05 April 2010
Boy, everybody wasn't kidding about this movie. According to Wikipedia, Errol Morris called it "the most depressing movie ever made, providing reassurance that everything will definitely end badly." While I love that quote, I wouldn't call it depressing exactly. I'd call it sad -- like truly, genuinely, feel-it-in-your-gut sad. Not tear-jerking, not weepy melodrama or sentimental; watching this movie I feel actual sadness. It's bleak and it's hopeless. Five good-for-nothing self-centered urbanites, two well-meaning but useless old people, and a no-win scenario that seems never to end. I have very little to say about this film. It's a 1937 melodrama, but it's really watchable (to be fair, Casablanca is a 1942 melodrama, and that's really really watchable). It's charming and inviting -- an odd thing to say about a movie so despairing and uncomfortable, but there you have it.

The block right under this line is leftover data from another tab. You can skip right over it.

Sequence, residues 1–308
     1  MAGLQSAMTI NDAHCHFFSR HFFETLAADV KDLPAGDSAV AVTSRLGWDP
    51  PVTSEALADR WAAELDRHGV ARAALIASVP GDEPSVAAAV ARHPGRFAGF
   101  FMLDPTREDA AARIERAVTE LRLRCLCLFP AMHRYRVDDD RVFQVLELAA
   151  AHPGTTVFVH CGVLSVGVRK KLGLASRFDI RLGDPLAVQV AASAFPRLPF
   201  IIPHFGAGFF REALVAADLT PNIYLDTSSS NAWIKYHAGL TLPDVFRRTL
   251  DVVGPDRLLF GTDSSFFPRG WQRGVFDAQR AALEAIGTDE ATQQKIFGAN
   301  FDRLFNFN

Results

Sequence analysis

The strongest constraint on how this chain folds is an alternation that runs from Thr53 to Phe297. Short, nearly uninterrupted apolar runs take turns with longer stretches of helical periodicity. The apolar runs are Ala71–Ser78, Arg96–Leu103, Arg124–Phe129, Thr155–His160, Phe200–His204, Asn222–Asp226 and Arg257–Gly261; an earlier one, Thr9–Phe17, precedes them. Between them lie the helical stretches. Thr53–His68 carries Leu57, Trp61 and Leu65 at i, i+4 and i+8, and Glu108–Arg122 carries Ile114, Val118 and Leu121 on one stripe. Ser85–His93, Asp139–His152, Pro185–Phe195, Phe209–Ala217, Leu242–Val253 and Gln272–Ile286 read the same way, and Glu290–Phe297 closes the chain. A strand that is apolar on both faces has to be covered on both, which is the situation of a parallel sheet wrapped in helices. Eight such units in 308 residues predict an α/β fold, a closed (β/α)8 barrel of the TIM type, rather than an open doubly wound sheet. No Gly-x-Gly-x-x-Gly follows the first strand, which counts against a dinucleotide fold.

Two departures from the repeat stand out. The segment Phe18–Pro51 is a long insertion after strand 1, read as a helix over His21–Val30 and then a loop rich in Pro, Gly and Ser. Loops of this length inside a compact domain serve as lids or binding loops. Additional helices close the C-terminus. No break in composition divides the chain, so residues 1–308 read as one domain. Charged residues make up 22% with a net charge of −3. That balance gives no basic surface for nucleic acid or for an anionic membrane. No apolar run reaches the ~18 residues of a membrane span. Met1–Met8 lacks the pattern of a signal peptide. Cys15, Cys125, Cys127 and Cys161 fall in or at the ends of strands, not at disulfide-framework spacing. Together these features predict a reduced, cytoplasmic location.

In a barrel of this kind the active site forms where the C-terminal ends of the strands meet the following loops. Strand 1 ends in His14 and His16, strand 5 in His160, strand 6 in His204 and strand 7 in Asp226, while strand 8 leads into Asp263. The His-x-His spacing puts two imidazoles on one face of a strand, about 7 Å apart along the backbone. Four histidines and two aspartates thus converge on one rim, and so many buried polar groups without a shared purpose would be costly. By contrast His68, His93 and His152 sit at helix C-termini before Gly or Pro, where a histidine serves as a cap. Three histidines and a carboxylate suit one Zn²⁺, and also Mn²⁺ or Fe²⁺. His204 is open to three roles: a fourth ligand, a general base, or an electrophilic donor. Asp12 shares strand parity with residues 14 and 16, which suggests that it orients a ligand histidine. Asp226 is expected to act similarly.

This film made me feel so sad about getting old, even about the age-old fantasy of getting old with someone, and yet I'm so glad I watched it. It's really beautiful, and the emotions this film brings out in me feel much more genuine and full than I'm used to from Hollywood, then or now. I'm really amazed. This is absolutely a great film.
One more piece of Wikipedia-borne trivia: McCarey believed that this was his finest film. When he accepted his Best Director Oscar for The Awful Truth, he said "Thanks, but you gave it to me for the wrong picture."